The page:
The TPM3-NTRK1 rearrangement is a recurring event in colorectal carcinoma and is associated with tumor sensitivity to TRKA kinase inhibition

Elena Ardini, Roberta Bosotti, Andrea Lombardi Borgia, Cristina De Ponti, Alessio Somaschini, Rosaria Cammarota, Nadia Amboldi, Laura Raddrizzani, Andrea Milani, Paola Magnaghi, Dario Ballinari, Daniele Casero, Fabio Gasparri, Patrizia Banfi, Nilla Avanzi, Maria B Saccardo, Rachele Alzani, Tiziano Bandiera, Eduard Felder, Daniele Donati, Enrico Pesenti, Andrea Sartore-Bianchi, Marcello Gambacorta, Marco A Pierotti, Salvatore Siena, Silvio Veronese, Arturo Galvani, Antonella Isacchi
Molecular Oncology 2014, 8 (8): 1495-507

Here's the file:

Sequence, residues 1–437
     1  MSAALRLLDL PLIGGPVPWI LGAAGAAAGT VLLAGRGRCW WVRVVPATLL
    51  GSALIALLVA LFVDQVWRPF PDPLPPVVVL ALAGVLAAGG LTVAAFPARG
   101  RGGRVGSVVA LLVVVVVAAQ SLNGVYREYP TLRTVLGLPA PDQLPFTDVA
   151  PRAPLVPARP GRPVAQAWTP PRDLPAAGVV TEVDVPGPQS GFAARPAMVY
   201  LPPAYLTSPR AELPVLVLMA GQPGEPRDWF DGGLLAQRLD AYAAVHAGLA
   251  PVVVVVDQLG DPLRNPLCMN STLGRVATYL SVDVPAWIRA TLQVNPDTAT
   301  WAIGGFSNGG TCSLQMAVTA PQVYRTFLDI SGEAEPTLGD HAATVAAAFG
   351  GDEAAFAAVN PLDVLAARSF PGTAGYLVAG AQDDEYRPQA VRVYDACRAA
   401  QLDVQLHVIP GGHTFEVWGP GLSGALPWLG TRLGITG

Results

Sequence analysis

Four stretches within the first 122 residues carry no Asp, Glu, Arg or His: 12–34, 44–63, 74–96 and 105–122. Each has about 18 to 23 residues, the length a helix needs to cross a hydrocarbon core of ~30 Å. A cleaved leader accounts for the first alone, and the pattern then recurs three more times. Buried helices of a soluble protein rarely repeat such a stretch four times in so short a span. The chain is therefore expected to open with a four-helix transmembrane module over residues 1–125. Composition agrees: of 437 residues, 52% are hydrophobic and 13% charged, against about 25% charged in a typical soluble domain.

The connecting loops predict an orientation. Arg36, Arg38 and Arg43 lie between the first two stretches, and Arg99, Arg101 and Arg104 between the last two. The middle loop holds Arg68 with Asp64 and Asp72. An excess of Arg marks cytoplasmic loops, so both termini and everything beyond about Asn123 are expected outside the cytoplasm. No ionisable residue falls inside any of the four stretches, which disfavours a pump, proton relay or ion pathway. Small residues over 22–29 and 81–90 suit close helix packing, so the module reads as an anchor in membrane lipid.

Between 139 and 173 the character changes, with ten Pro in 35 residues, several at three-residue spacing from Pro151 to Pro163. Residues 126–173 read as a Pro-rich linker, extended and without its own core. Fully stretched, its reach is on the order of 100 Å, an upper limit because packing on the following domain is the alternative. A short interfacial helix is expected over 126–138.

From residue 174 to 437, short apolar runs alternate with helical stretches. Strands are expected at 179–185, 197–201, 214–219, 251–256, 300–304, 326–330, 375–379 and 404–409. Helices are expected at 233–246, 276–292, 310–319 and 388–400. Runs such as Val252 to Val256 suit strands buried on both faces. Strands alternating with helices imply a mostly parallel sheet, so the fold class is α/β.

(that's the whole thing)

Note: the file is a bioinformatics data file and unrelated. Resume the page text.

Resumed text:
The NTRK1 gene encodes Tropomyosin-related kinase A (TRKA), the high-affinity Nerve Growth Factor Receptor. NTRK1 was originally isolated from a colorectal carcinoma (CRC) sample as component of a somatic rearrangement (TPM3-NTRK1) resulting in expression of the oncogenic chimeric protein TPM3-TRKA, but there has been no subsequent report regarding the relevance of this oncogene in CRC. The KM12 human CRC cell line expresses the chimeric TPM3-TRKA protein and is hypersensitive to TRKA kinase inhibition. We report the detailed characterization of the TPM3-NTRK1 genomic rearrangement in KM12 cells and through a cellular screening approach, the identification of NMS-P626, a novel highly potent and selective TRKA inhibitor. NMS-P626 suppressed TPM3-TRKA phosphorylation and downstream signaling in KM12 cells and showed remarkable antitumor activity in mice bearing KM12 tumors. Finally, using quantitative reverse transcriptase PCR and immunohistochemistry (IHC) we identified the TPM3-NTRK1 rearrangement in a CRC clinical sample, therefore suggesting that this chromosomal translocation is indeed a low frequency recurring event in CRC and that such patients might benefit from therapy with TRKA kinase inhibitors.

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